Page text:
Long-term physical exercise and quantitatively assessed human coronary collateral circulation

J Am Coll Cardiol. 1998 Jul;32(1):49-56. doi: 10.1016/s0735-1097(98)00181-8.


Objectives: This prospective, cross-sectional study sought to determine an association between the level of long-term physical activity as well as other clinical and angiographic variables and an index of collateral flow to the vascular region undergoing percutaneous transluminal coronary angioplasty (PTCA).

Background: There is limited and conflicting information about the effect of physical exercise on the coronary collateral circulation in humans, partly because previous studies lacked a quantitative means of assessing collateral channels.

Methods: In 79 patients (mean [+/-SD] age 58 +/- 10 years) with coronary artery disease undergoing PTCA (no transmural myocardial infarction), a coronary collateral flow index was determined as the ratio between the intracoronary (IC) distal flow velocity time integral during (Vi(occl)[cm]) and after (Vi(occl) [cm]) PTCA of the stenosis. Vi(occl)/Vi(occl) was measured by a 0.014-in. Doppler guide wire, from which an IC electrocardiogram (ECG) was also recorded. Patients without ECG ST-T wave changes during PTCA were considered to have sufficient collateral channels (n = 29); those with ST-T wave changes were considered to have insufficient collateral channels (n = 50). The level of long-term physical activity was determined by a structured interview (score from 1 to 4). Univariate and multivariate analyses were used to find associations between physical activity as well as 30 other clinical and angiographic variables and the collateral flow index.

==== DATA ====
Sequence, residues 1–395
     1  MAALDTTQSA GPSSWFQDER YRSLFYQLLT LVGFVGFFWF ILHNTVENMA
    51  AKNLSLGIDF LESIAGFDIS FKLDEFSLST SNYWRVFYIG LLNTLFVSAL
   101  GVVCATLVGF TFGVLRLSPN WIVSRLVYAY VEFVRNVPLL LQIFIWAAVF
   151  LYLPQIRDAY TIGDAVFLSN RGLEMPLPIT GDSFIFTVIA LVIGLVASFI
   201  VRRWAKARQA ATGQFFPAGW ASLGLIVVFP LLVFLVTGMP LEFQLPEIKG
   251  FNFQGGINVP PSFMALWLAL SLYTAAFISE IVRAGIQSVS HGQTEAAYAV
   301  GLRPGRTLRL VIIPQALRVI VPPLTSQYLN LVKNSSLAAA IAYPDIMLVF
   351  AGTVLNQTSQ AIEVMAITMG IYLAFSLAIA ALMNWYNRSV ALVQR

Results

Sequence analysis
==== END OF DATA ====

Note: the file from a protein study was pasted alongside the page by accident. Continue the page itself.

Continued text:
Results: Long-term physical activity during leisure time, but not during work hours, and the severity of the stenosis undergoing PTCA were found to be independently and directly associated with sufficient versus insufficient collateral channels and with Vi(occl) Vi(occl) (leisure time physical activity [LTPA] score 3.3 +/- 0.9 vs. 2.4 +/- 1.0, p = 0.0002; percent diameter stenosis 88 +/- 12% vs. 80 +/- 14%, p = 0.001; Vi(occl)/Vi(occl) = 0.1 +/- 0.1 LTPA score, p = 0.0002 for trend).

Conclusions: In patients with coronary artery disease, the level of long-term physical activity during leisure time and the severity of the stenosis undergoing PTCA are directly associated with the quantitative degree of collateral flow.

Publication types

  • Research Support, Non-U.S. Gov't

MeSH terms

  • Adult
  • Angioplasty, Balloon, Coronary
  • Blood Flow Velocity / physiology
  • Collateral Circulation / physiology
  • Coronary Angiography
  • Coronary Circulation / physiology*
  • Coronary Disease / diagnostic imaging
  • Coronary Disease / physiopathology*
  • Coronary Disease / therapy
  • Cross-Sectional Studies
  • Echocardiography, Doppler
  • Endosonography
  • Exercise / physiology*
  • Female
  • Follow-Up Studies
  • Humans
  • Male
  • Middle Aged
  • Physical Fitness / physiology
  • Prospective Studies